Memory Pooling for AI Tasks

Alex J. Champandard on June 19, 2007

With many large task hierarchies running in parallel, it can be impossible or undesirable to store everything in memory. It may be faster to allocate all the memory upfront for small trees, but in practice a lazy approach is better. However, because many tasks need their own custom memory (of different type and size), this policy causes lots of small memory allocations.

This is bad for a couple of reasons:

  • Allocations are very expensive, even for small objects.

  • Fragmentation reduces the total amount of memory available.

Obviously, memory allocations are important to get right consoles or mobile devices, but even on the PC you can get a huge performance boost.

One possible solution is to use memory polling. This is achieved by following these instructions:

  1. Try to keep all task memory of similar sizes (the part that’s dynamically allocated).

  2. Pre-allocate a large buffer of memory and split it into fixed-size chunks.

  3. Maintain a list of free chunks from this large pool.

  4. When allocating, just construct in-place directly in an available chunk.

  5. For deallocation, call the destructor and add the chunk to the free list.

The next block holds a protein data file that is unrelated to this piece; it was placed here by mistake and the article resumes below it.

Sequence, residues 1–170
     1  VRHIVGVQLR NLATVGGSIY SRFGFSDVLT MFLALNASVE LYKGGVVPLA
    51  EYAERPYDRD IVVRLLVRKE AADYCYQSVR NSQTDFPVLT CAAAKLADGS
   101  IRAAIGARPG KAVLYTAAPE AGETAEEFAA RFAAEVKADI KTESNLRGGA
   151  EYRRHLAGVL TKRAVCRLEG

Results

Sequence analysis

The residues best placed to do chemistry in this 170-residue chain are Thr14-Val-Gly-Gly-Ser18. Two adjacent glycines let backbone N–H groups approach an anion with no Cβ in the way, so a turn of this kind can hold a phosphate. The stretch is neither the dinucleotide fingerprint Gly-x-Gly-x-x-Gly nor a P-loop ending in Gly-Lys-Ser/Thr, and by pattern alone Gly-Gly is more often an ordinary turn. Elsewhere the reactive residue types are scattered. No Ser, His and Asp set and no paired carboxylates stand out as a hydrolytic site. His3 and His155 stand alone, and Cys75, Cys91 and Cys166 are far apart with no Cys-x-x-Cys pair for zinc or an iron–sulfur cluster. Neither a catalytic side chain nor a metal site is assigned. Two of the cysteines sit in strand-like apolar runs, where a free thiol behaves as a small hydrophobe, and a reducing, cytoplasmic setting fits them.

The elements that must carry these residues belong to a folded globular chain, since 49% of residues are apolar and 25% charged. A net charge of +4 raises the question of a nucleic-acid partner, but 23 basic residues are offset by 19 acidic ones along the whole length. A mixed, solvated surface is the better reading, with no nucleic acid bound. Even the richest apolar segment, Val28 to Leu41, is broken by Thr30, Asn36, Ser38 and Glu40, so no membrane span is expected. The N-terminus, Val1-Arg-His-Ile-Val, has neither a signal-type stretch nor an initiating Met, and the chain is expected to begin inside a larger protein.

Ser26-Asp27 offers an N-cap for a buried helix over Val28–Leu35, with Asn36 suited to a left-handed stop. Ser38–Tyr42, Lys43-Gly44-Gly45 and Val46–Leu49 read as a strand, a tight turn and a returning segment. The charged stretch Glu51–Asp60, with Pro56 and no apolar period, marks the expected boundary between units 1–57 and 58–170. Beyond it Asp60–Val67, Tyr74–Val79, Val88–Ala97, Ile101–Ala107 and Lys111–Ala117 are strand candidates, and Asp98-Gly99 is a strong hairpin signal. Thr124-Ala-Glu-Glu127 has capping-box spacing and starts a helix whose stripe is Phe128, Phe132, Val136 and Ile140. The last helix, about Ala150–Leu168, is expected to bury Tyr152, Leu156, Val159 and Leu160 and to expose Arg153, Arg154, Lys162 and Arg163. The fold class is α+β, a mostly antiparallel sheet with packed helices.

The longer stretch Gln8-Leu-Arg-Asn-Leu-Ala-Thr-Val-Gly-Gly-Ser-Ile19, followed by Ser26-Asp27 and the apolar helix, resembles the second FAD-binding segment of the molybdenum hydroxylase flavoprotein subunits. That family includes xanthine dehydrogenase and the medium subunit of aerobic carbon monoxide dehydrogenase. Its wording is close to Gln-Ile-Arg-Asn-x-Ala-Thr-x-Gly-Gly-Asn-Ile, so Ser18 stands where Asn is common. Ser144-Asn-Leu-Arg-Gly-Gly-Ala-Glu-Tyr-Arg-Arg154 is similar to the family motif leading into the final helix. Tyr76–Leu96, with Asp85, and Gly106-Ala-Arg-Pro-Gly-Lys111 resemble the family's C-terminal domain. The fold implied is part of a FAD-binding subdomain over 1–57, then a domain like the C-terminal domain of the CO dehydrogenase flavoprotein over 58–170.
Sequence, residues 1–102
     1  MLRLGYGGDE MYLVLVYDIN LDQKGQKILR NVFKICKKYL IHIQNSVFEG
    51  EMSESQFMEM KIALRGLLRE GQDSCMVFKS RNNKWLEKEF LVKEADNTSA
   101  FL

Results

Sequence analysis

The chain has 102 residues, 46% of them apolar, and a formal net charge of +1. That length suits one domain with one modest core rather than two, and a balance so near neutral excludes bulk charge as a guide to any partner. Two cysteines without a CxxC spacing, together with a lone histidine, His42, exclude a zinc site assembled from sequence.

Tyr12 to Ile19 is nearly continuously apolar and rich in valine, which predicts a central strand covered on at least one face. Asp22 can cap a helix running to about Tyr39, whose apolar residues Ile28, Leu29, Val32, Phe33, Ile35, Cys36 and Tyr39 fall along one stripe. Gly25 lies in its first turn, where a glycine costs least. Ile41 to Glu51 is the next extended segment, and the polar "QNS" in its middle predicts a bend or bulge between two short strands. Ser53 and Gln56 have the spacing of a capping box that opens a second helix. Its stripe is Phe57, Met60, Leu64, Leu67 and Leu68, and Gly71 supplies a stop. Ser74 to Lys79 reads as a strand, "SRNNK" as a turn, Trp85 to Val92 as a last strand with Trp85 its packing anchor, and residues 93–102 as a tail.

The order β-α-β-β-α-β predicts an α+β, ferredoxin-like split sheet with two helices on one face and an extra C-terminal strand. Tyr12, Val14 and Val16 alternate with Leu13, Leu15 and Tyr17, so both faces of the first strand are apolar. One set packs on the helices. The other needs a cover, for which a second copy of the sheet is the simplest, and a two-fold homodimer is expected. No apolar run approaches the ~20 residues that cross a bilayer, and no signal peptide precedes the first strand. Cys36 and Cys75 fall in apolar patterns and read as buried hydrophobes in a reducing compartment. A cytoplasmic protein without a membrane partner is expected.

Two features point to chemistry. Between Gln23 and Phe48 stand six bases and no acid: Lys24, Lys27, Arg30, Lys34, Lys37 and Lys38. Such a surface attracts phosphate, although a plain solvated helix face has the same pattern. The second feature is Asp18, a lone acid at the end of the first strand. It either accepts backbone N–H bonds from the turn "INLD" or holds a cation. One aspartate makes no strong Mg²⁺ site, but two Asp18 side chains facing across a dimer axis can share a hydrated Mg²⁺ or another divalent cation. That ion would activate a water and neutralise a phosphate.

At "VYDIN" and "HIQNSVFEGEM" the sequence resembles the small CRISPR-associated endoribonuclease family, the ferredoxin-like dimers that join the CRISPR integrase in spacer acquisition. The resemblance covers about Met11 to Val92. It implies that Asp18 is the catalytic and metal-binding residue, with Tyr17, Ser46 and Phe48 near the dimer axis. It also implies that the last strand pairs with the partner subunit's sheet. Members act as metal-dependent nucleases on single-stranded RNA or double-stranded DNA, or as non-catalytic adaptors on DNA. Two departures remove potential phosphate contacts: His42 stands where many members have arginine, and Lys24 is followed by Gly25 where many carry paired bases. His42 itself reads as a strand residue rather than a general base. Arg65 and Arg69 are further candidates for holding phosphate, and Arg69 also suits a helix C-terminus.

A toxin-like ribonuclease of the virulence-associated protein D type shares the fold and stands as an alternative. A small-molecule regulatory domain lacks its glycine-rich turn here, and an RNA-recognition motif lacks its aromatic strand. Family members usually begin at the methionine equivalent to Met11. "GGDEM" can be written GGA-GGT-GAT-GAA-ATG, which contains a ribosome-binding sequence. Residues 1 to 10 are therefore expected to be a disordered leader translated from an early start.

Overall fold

This strategy has constant O(1) allocations and deallocations, so it’s much faster than the default policy. It also makes it easy to free all the tasks at once, or even tracking memory leaks.

A good library for this is the Boost Pool Library. At the cost of having to compile against Boost, it provides the most flexible pool implementation. For example, from the interface documentation:

void test_pool()
    boost::pool<> p(64);
    for (int i = 0; i < 100; ++i)
        void* const chunk = p.malloc();
        // Use in-place construction.
        Task* t = new (chunk) MyTask;
        // Optionally call;
    // All chunks are released here.

It’s easier to implement this pooling strategy into the engine if all the memory allocations are centralized in one location. Then you need to work out if it’s better to have a pool per actor, per group, or for all the AI as a whole. Typically, if you allocate a chunk of memory per-actor, its size will depend on the relative complexity of this actors, as you’ll want to give more memory to your best and most visible actors.

Discussion 2 Comments

alexjc on June 20th, 2007

I'm torn by using Boost. In this particular case, it seems there aren't that many alternatives for pooling code -- except writing your own. Boost can really kill your compile times if you're not careful. I know a few commercial projects that specifically avoid it, for this reason mainly. As for open-source C++ code, most users are turned off by it. Any dependency is an extra hassle in practice. Alex

alexjc on June 21st, 2007

Good point OJ. Templates aren't the best thing for code bloat generally, but the modern/generic C++ that boost is written in certainly doesn't help! Like the compile times, you can reduce the impact of code bloat by watching out for it... If you just include one header (e.g. smart pointers), most of the rest of the code of boost that you compiled is never linked in to the final executable. But, as mos said, to each his own! Thanks for your comments. Alex

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